3. No Breadcrumbs. To get from a particular product to a category of products takes two clicks rather than one on the main navigation although I could have added a list of categories to the sidebar. A small niggle, but breadcrumbs would have been a feature that would have been easy to add in. In fact it’s easy enough that I’ve included how to do it later on in this post.

4. Inability to deal with multiple currencies. If you’re selling to multiple countries then it would be nice to be able to show them the price in their own currency. However, taking payments in multiple currencies is problematic for a lot of payment gateways. Realistically you are probably looking at a scenario of showing an approximate price in the users currency while still charging in a single currency. So I’ll let that one go.

5. You can’t create a draft product. This post has been written over the course of a few days. It’s one of the nice features of WordPress. With the Tribulant Shopping Cart you can’t do that with a product. So if you start putting up a product you’d better make sure you have time to do the whole thing or you’ll end up with a half finished product on your site.

6. Multiple SEO problems. There are a lot of things that could be done better from the point of view of up to date SEO technique. Things like links using the same text for the link and for the title are a bit spammy in my opinion. There are also duplicate content issues.

The layout of the front page (categories in my case) works from a users perspective, but it could be better from an SEO standpoint.

Out of the box SEO performance is not as good as some other shopping carts. Some of this is purely down to layout and thin content resulting from that layout. The rest is fixable if you follow my SEO tips further on in this post.

Dislikes Summary

It’s always easier to find fault with things than it is to list good things. I’ve stated some of the negatives of this particular shopping cart, but all shopping carts have negatives. A good proportion of them have significantly more problems than the Tribulant Shopping Cart. I may moan about a few features, but I’m still using it!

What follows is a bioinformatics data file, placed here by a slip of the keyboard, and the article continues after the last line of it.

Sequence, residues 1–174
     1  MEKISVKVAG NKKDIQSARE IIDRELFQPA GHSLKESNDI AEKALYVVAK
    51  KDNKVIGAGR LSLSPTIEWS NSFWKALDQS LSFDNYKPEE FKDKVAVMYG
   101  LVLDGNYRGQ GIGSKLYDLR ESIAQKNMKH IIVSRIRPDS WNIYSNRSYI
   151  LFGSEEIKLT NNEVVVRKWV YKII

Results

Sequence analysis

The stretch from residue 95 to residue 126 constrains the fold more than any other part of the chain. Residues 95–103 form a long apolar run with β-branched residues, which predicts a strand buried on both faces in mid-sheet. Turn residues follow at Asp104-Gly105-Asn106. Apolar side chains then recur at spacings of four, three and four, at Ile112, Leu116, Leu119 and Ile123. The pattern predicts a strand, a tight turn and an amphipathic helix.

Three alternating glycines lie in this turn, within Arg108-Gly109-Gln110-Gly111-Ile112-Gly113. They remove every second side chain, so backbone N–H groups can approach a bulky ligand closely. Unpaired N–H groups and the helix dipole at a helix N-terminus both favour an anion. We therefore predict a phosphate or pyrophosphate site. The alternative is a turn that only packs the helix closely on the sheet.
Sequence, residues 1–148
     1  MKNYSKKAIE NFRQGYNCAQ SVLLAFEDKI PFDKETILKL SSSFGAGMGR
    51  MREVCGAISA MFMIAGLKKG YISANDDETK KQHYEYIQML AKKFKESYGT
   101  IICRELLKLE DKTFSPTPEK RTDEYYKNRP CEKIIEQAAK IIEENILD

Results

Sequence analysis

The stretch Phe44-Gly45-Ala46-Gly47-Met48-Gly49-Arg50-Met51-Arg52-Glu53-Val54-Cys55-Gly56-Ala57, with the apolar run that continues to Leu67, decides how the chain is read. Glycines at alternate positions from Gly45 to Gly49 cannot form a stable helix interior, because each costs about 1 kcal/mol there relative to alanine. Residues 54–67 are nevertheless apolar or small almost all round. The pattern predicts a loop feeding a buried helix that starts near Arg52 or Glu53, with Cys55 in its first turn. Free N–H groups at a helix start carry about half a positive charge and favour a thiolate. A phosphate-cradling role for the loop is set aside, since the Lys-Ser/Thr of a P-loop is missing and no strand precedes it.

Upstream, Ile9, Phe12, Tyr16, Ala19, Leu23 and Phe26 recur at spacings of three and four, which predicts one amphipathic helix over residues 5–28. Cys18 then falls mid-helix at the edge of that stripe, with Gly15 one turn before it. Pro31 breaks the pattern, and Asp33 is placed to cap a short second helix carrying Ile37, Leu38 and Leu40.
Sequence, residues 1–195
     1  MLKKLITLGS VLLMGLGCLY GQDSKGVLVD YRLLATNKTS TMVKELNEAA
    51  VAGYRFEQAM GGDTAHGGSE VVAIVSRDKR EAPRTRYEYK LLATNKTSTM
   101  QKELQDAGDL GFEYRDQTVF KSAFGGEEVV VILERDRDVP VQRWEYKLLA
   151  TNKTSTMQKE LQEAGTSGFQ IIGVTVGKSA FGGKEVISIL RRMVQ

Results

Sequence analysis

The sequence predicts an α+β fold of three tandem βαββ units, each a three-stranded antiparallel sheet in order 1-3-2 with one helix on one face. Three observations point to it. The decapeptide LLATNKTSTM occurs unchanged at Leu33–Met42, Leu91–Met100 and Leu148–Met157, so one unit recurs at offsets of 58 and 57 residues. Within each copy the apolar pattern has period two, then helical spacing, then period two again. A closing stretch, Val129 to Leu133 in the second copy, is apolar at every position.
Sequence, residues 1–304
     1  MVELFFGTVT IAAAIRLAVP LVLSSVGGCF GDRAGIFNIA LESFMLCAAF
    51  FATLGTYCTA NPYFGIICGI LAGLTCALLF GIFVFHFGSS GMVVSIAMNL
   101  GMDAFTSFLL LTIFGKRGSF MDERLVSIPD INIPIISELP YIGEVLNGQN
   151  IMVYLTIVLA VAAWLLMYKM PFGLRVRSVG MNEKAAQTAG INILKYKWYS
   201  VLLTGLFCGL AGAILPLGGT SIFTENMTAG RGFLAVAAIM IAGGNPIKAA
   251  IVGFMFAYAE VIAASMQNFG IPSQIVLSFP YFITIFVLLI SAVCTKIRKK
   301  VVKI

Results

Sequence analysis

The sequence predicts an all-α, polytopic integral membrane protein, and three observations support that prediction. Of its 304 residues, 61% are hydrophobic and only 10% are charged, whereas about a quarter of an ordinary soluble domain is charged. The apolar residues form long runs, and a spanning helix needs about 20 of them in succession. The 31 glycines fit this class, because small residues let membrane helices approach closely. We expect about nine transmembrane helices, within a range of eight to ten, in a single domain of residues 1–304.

SEO Fix for Tribulant Shopping Cart

There are some fairly major concerns with the default shopping cart in terms of SEO. Not least of those is a huge amount of duplicate pages being created. These happen in three ways:

  1. Sorting products. (?sortby=price&sort=DESC) It’s nice to let your users sort products by price etc, but it’s not so nice to have substantially duplicate pages showing as a result.
  2. Tag Pages. Just like in WordPress itself, every tag creates a page that contains only posts with that tag.  The result is lots of substantially duplicate pages. This used to be a plus of using wordpress since it meant by adding tags you were creating more pages with different page titles (more keyword coverage).  This no longer works well and you will be penalised to some extent for it.
  3. Product Search Pages. Simply put, you don’t want your product search pages indexed at all. Quite apart from the potential for a truly massive quantity of duplicate pages there is another reason: What if I was your competitor. I could link to your site with a links like “http://yoursite.com/shop/product-search/?wpcosearchterm=gambling tips”. No results would be returned but the page exists (search results) and you could find yourself with indexed pages for things that could really get your site in hot water with Google et al.

Dealing with duplicate category pages and product search results

For Users that don’t have the Yoast SEO plugin installed

The Yoast SEO plugin will take care of canonical issues for you caused by giving users the option of sorting products by price etc. It will also help you create a breadcrumb for your shop.

A quick note on Yoast. For anybody who doesn’t have the Yoast plugin installed I would seriously consider it. There are lots of “SEO” plugins out there but this one has some properly useful features.

If you don’t have the Yoast plugin installed then don’t worry.  The following code inserted into the head section of header.php in your wordpress theme file will sort out the canonical issues by adding in a rel=canonical tag to any pages in your shopping cart that could potentially cause you duplicate content penalties.

It will also add a noindex tag to your product search pages.

For Users that have the Yoast SEO Plugin Installed

If you have Yoast’s wordpress plugin installed then you don’t need to worry about canonical issues in your shop that result from user sorting options. Yoast’s plugin will add in a rel=canonical tag for you.

You do have to worry about your search pages. The following code inserted into head section of header.php in your wordpress theme will add a noindex tag onto all your search pages.

You may be wondering why I used the curPageURL() function to get the url of the page instead of wordpress’s native get_permalink() function. The answer is that the get_permalink() function does not return the full query string. I’m not sure if that’s down to Yoasts plugin, the shopping cart plugin or just what happens in WordPress. Try it if you like, but for me the above solution was what worked.